The data lake eliminates all of these issues. Both structured and unstructured data can be ingested easily, without any data modeling or standardization. Structured data from conventional databases is placed into the rows of the data lake table in a largely automated process. Analysts choose which tag and tag groups to assign, typically drawn from the original tabular information. The same piece of data can be given multiple tags, and tags can be changed or added at any time. Because the schema for storing does not need to be defined up front, expensive and time-consuming modeling is not needed.
Key Attributes of a Data Lake
To be classified as a true data lake, a Big Data repository has to exhibit three key characteristics:
- Should be a single shared repository of data, typically stored within a Hadoop Distributed File System (HDFS)
- Hadoop data lakes preserve data in its original form and capture changes to data and contextual semantics throughout the data lifecycle. This approach is especially useful for compliance and internal auditing activities, unlike with a traditional EDW, where if data has undergone transformations, aggregations, and updates, it is challenging to piece data together when needed, and organizations struggle to determine the provenance of data.
- Include orchestration and job scheduling capabilities (for example, via YARN)
Workload execution is a prerequisite for Enterprise Hadoop, and YARN provides resource management and a central platform to deliver consistent operations, security, and data governance tools across Hadoop clusters, ensuring analytic workflows have access to the data and the computing power they require.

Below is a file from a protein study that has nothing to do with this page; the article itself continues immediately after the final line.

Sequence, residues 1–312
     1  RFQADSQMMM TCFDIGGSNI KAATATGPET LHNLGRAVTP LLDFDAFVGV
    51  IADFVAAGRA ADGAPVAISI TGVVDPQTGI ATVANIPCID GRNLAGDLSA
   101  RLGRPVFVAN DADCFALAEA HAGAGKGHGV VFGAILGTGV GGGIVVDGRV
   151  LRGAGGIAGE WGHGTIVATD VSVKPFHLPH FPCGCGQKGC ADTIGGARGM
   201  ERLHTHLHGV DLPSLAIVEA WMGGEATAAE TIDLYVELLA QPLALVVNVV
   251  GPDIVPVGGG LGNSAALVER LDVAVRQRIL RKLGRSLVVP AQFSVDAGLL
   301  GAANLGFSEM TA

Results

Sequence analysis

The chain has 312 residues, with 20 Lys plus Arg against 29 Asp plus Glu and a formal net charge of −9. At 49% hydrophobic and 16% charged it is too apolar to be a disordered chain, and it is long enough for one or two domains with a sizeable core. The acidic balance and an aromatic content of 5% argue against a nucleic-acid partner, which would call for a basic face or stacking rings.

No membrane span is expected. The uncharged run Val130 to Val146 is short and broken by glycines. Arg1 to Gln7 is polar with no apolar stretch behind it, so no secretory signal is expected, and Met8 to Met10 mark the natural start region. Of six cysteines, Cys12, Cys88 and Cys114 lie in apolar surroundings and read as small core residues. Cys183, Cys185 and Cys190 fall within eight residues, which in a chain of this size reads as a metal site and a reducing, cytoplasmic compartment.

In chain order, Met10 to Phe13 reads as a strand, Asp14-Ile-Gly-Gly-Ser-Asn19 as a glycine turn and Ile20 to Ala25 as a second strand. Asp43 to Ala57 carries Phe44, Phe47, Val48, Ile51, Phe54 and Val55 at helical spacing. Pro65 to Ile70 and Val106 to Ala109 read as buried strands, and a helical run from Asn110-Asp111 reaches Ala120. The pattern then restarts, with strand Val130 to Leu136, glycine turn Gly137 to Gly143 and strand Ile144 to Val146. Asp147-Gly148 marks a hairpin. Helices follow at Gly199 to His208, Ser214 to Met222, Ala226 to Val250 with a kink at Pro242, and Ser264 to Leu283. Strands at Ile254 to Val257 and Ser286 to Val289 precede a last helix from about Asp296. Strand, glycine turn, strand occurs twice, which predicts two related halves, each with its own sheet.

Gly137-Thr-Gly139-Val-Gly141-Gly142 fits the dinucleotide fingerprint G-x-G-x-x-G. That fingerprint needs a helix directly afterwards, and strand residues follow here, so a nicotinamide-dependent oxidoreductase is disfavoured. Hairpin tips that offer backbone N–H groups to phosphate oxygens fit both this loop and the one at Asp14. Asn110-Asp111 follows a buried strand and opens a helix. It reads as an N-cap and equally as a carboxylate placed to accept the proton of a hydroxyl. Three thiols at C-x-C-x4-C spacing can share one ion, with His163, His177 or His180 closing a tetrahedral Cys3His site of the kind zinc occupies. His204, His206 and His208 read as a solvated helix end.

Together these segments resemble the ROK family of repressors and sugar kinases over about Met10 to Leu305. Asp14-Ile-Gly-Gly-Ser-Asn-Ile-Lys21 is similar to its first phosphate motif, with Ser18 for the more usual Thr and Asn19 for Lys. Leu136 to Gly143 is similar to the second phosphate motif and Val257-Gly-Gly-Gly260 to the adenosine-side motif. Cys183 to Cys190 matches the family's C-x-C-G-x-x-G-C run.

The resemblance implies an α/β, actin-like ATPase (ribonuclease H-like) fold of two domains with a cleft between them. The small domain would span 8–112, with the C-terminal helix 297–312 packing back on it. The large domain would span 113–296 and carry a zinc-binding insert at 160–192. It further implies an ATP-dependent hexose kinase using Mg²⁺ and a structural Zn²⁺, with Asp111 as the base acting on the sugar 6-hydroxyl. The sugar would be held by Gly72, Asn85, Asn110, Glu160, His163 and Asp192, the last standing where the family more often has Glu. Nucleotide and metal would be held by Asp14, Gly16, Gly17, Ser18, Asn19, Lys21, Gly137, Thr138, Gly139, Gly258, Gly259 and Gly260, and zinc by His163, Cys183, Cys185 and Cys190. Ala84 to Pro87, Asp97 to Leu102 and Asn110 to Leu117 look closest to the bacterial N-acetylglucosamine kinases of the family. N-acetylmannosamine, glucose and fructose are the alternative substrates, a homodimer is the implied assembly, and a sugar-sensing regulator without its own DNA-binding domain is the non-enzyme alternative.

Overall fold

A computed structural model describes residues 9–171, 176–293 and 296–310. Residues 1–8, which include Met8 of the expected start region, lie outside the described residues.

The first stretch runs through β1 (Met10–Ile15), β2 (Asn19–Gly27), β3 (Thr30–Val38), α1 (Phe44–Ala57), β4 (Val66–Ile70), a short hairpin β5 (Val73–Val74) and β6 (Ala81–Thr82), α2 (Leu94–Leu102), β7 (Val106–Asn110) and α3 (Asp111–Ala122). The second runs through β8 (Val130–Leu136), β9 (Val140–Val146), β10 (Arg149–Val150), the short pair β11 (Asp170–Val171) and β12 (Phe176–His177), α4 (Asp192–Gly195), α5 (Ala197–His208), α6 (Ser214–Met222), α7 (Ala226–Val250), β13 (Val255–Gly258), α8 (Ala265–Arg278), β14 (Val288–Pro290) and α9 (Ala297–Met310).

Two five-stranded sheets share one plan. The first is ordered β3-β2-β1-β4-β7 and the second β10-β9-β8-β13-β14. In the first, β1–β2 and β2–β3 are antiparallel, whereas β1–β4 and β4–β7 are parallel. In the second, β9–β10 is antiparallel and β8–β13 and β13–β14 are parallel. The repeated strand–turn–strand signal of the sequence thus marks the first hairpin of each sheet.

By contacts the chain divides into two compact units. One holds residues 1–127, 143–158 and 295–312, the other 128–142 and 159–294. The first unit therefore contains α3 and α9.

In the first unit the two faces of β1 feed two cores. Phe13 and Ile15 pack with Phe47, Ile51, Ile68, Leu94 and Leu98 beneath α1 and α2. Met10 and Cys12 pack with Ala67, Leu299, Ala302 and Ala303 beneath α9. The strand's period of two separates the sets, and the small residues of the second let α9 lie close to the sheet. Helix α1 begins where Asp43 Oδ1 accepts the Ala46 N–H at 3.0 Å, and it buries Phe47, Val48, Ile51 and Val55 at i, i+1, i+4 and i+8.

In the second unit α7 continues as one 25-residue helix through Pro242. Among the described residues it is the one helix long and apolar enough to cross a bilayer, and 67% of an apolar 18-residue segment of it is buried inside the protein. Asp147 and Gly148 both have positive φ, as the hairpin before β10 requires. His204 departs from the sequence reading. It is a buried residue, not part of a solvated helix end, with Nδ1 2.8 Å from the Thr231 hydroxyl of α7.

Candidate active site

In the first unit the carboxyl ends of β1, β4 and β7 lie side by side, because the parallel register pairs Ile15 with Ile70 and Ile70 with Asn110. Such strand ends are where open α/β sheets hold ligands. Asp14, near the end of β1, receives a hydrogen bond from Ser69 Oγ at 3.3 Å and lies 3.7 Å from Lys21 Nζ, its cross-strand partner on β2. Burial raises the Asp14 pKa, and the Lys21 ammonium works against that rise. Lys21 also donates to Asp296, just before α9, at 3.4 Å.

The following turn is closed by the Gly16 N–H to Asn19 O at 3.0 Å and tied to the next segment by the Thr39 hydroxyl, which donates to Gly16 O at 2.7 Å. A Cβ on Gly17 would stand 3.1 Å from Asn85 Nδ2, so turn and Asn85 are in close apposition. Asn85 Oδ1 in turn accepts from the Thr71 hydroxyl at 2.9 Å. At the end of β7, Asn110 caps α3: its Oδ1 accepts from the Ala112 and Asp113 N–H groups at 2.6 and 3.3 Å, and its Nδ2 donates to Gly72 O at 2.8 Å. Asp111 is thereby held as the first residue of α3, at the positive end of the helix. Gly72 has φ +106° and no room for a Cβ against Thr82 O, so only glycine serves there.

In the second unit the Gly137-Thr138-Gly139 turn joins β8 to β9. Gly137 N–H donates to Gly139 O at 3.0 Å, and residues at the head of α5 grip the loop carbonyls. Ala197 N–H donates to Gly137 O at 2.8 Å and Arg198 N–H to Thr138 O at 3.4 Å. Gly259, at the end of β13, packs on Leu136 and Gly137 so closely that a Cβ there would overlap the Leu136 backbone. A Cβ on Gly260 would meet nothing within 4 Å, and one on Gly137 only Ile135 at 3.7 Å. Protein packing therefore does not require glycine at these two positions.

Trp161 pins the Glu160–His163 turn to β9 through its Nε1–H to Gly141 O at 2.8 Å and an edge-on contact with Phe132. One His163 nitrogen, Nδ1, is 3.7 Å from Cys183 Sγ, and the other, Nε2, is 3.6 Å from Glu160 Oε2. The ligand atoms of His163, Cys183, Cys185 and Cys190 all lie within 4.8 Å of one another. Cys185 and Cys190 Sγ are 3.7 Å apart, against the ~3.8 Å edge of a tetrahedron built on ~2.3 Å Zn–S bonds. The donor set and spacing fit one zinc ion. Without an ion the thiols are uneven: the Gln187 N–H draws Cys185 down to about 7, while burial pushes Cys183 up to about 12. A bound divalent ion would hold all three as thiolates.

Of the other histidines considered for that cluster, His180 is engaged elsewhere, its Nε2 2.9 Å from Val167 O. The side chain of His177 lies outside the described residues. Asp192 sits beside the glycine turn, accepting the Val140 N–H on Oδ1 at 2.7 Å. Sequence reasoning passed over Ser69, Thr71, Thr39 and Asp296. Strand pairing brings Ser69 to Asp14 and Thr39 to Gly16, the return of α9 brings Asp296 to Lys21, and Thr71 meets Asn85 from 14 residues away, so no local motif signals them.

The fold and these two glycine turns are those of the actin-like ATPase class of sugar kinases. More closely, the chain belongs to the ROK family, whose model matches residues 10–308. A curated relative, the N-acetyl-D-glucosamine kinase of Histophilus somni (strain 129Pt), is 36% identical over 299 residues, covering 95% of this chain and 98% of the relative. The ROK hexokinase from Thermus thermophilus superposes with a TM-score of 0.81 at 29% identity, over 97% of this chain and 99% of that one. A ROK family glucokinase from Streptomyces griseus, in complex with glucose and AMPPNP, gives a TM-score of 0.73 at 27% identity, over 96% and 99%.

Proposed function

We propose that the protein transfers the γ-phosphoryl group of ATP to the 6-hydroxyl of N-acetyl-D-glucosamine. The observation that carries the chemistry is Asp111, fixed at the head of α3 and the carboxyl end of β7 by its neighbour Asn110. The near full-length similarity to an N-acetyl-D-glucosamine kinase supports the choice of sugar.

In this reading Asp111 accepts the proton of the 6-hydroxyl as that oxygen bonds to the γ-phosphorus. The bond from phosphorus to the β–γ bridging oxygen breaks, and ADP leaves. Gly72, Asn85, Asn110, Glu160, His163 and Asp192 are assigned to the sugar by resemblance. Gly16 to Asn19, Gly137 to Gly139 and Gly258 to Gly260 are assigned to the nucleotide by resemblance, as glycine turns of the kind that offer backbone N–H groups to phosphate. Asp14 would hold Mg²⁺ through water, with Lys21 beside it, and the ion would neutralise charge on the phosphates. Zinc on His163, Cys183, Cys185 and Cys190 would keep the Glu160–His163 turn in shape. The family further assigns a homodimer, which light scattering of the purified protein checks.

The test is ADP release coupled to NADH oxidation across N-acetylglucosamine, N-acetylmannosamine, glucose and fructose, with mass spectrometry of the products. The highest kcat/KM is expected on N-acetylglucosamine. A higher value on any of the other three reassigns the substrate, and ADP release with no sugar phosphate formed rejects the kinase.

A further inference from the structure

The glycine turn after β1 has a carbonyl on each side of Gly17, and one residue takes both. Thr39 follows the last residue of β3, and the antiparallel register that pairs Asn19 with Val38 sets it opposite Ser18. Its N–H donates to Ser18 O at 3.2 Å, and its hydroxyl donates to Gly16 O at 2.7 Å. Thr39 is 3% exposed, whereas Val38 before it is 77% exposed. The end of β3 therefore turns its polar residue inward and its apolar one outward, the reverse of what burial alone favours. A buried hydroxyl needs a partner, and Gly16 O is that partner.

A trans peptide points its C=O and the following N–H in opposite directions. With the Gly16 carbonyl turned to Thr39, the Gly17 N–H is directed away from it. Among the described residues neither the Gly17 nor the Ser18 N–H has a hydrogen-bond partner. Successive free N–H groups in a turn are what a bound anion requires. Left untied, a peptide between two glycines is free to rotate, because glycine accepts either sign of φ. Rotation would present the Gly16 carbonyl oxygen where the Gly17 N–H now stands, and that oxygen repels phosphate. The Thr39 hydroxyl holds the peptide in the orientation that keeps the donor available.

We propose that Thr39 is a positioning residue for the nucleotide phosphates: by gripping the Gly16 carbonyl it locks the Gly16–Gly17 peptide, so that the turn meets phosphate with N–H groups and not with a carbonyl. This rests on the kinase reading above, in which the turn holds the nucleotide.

- Contain a set of applications or workflows to consume, process, or act upon the data
Easy user access is one of the hallmarks of a data lake, due to the fact that organizations preserve the data in its original form. Whether structured, unstructured, or semi-structured, data is loaded and stored as is. Data owners can then easily consolidate customer, supplier, and operations data, eliminating technical—and even political—roadblocks to sharing data.
The Business Case for Data Lakes
EDWs have been many organizations’ primary mechanism for performing complex analytics, reporting, and operations. But they are too rigid to work in the era of Big Data, where large data volumes and broad data variety are the norms. It is challenging to change EDW data models, and field-to-field integration mappings are rigid. EDWs are also expensive.
Perhaps more importantly, most EDWs require that business users rely on IT to do any manipulation or enrichment of data, largely because of the inflexible design, system complexity, and intolerance for human error in EDWs.
Data lakes solve all these challenges, and more. As a result, almost every industry has a potential data lake use case. For example, organizations can use data lakes to get better visibility into data, eliminate data silos, and capture 360-degree views of customers.
With data lakes, organizations can finally unleash Big Data’s potential across industries.
Freedom from the rigidity of a single data model
Because data can be unstructured as well as structured, you can store everything from blog postings to product reviews. And the data doesn’t have to be consistent to be stored in a data lake. For example, you may have the same type of information in very different data formats, depending on who is providing the data. This would be problematic in an EDW; in a data lake, however, you can put all sorts of data into a single repository without worrying about schemas that define the integration points between different data sets.
Ability to handle streaming data
Today’s data world is a streaming world. Streaming has evolved from rare use cases, such as sensor data from the IoT and stock market data, to very common everyday data, such as social media.